I recently picked up volume 1, number 1 of The Hospitalist, which was edited by John Nelson and Win Whitcomb and published in spring 1997. The Hospitalist was six pages long and had five articles and three job advertisements. The articles included one by Bob Wachter about how hospitalists represent “without a doubt … a bona fide new specialty in American medicine,” and one by Richard Slataper about how hospitalists improve quality of care.
As I compare volume 1, number 1 with the current volume, I marvel at how much things have changed—and how much they have stayed the same. The change is obvious just by looking at The Hospitalist. The similarities are evident by reading the content. We still talk about how hospital medicine is emerging as a new specialty and is taking important strides in that direction. Quality is still the key metric by which we measure our practice.
With this volume, we enter a new, exciting era for The Hospitalist with a new format, new editorial staff leadership, and a new publisher—but the same commitment to excellence and dedication to addressing key issues in the field of hospital medicine. I thank Jim Pile for his outstanding job as the previous editor of The Hospitalist. Jamie Newman assumes the role of physician editor with this issue, and I am excited to have his energy and creative ideas to lead the new phase of this important publication.
It has been said that half of what you learn in medical school is obsolete five years after you graduate. The trouble is you can’t know which half that will be until five years later. I remember being warned as an intern never to give a beta-blocker to a patient with heart failure. We now know that beta-blockers are lifesaving for people with heart failure. We are fortunate to practice in a world where scientific discoveries enhance our ability to help our patients and where the pace of discovery is growing by leaps and bounds. I wish I could list everything we do today that will be obsolete in five years, but my crystal ball is not that clear. Because I cannot predict what will change in medicine, I have instead thought about what does not change. As we celebrate the new with this volume of The Hospitalist I want to remember what is timeless in our profession.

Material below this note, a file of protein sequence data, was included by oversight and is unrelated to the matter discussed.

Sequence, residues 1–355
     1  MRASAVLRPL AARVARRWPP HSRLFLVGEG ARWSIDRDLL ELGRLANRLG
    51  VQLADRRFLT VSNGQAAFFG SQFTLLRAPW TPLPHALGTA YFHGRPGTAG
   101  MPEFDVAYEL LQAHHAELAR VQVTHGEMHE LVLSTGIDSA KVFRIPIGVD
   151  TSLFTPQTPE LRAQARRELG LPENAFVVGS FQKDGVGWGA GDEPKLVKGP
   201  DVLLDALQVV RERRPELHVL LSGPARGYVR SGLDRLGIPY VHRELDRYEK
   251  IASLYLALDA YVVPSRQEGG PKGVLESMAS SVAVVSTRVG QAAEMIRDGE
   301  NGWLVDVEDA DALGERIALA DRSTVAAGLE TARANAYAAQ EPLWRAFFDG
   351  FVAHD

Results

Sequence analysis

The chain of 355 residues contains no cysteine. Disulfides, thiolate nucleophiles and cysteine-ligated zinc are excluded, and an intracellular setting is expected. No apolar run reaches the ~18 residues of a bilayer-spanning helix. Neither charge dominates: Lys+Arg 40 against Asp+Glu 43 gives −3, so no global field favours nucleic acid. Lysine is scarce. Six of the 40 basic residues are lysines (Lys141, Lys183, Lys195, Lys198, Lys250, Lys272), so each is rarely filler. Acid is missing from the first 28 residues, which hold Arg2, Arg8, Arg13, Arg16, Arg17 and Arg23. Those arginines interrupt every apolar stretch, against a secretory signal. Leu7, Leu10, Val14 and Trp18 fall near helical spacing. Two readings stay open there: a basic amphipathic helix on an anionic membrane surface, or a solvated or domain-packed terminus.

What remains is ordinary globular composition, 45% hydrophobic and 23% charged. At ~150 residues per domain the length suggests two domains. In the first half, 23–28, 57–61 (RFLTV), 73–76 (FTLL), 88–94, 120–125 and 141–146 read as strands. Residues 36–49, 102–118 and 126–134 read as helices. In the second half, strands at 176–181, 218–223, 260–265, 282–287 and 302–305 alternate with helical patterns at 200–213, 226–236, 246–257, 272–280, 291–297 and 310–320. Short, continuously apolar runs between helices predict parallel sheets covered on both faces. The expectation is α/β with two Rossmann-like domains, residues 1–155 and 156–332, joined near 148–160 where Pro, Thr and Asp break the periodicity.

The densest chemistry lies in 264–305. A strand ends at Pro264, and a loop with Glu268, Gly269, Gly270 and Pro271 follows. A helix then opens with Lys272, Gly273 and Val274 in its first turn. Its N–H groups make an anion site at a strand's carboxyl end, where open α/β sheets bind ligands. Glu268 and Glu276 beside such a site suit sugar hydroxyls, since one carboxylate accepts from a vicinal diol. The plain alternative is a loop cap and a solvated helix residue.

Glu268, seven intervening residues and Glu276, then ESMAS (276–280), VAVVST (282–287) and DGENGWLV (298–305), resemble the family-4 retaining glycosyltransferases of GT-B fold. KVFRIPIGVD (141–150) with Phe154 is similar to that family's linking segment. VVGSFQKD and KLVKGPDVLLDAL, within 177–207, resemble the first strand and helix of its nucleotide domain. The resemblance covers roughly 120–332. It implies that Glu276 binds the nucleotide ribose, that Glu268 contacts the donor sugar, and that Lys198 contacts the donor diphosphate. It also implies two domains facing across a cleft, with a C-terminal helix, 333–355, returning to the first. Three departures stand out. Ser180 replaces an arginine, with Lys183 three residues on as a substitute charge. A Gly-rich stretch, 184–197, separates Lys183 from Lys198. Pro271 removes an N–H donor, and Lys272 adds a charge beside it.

Cornerstones of Diagnosis
With so much technology it is easy to believe that technology makes the diagnosis and heals the patient. But despite all of the new and amazing tests at our disposal, the patient history and physical examination remain the cornerstones of diagnosis.
It has been said that in more than 90% of cases the correct diagnosis appears on the differential after the history and physical. The tests merely help to confirm or rule out diagnoses. As technology races ahead the importance of sitting at the bedside, talking with the patient, and hearing her story stays constant.
One of my mentors says, “Don’t just do something, sit there.” When I’m confused about what is going on with a patient, my best aid in figuring things out is to pull up a chair and have the patient tell me his story from the beginning. What I like so much about being a hospitalist is that I have the ability to spend that kind of time when I need to. Unlike the outpatient setting where patients are scheduled every 15 minutes regardless of the reason for the visit, in the hospital I can be more flexible about how I allocate my time. I can spend time sitting and listening.